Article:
The financial press is reporting that the Federal Reserve will conduct at least one more interest rate hike this year. They are of course aware that the current banking crisis was caused by their rate hikes so far — that, however, is the plan. The Federal Reserve is currently carrying out a plan to address inflation that makes sure workers, not capitalists, bear the brunt of the pain. The plan is based on a set of false premises about what causes inflation. Mainly, that workers simply had too much money due to the various COVID relief measures and rising wages. Simply put, the evidence does not bear this out. Nonetheless, the Federal Reserve and its defenders have used this as an excuse to raise interest rates to bring on a recession. 

This, of course, is bad for certain individual capitalists, but for capitalists overall, it’s far less painful than the alternative, and for the JPMorgans of the world it also opens up lucrative opportunities to gobble up rivals at bargain basement prices. 

In reality, however, inflation is not caused by anything like higher wages or stimulus checks. Instead it’s a combination of the war in Ukraine, massive corporate price gouging and the COVID-19 pandemic (Wall Street on Parade). Addressing inflation then would imply ending the war and the massive sanctions associated with it, enacting high taxes on the wealthy to decrease incentive to price gouge and continuing to improve public health services. Included in this could be further measures like price caps. All of this puts the burden squarely on the ruling class. Requiring a climb down from their imperial adventures and agreeing to a redistribution of wealth through taxes and increased social spending.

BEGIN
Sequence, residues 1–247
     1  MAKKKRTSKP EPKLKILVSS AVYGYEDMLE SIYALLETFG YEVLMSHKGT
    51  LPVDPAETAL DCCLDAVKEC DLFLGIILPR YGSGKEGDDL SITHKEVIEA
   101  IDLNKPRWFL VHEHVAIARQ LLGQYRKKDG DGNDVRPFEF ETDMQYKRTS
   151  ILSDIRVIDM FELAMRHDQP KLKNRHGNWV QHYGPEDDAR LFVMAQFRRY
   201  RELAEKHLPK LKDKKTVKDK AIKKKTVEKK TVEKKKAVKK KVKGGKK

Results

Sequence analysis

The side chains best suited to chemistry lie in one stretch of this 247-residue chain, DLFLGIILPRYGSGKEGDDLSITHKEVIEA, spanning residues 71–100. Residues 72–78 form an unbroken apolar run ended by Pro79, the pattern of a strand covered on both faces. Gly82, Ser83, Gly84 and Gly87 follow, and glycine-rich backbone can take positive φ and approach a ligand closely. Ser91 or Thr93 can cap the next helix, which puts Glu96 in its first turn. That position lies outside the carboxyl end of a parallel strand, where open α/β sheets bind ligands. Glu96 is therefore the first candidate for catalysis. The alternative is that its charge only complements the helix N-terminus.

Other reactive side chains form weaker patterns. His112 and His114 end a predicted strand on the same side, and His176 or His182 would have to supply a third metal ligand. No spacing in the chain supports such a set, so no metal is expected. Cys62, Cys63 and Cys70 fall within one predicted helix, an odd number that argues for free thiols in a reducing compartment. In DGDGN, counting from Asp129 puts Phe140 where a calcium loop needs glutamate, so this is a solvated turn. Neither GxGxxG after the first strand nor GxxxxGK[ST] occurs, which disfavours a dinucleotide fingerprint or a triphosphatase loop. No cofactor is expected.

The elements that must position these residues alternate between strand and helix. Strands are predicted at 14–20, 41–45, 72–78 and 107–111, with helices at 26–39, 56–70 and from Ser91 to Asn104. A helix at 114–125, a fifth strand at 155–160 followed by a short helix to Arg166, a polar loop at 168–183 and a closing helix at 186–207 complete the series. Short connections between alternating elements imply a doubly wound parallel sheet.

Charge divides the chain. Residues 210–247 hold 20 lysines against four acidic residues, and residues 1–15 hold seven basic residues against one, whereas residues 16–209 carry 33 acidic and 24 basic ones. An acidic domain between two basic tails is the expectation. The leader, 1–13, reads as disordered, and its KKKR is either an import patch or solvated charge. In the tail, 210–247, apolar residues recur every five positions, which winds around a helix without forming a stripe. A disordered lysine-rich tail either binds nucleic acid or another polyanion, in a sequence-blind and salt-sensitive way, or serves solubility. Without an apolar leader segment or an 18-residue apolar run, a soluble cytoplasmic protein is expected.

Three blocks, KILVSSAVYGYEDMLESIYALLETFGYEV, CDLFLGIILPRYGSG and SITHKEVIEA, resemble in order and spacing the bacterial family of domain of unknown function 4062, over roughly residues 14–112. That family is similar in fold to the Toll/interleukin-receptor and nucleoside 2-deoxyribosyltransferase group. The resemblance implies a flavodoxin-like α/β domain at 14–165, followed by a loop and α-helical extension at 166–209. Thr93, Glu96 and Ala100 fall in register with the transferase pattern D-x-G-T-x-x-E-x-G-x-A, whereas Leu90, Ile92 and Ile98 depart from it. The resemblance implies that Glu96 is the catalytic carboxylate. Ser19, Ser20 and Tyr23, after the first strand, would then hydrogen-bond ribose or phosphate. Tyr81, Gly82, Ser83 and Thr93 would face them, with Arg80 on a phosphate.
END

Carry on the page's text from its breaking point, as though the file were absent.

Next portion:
Make the rich pay! Nationalize the banks!

Inflation policy is simply just another arena of class warfare. The working class has to go on the offensive, but how? One critical way is to demand actual solutions that put the burden on capitalists be enacted immediately. We can go a step further however and demand that the monopoly core of the banking sector be nationalized. This is easier than one might think, because just a handful of banks, about 25, control 69% of all U.S. bank assets (Wall Street on Parade). Among the United States’ largest 100 companies there are seven banks; combined they control roughly 44% of all banking assets (Wall Street on Parade). That would mean taking over just a handful of banks — 0.59% of FDIC insured banks — would make the bulk of the banking sector a public utility (Quarterly Report on Bank Trading and Derivatives Activities-Dec. 2022).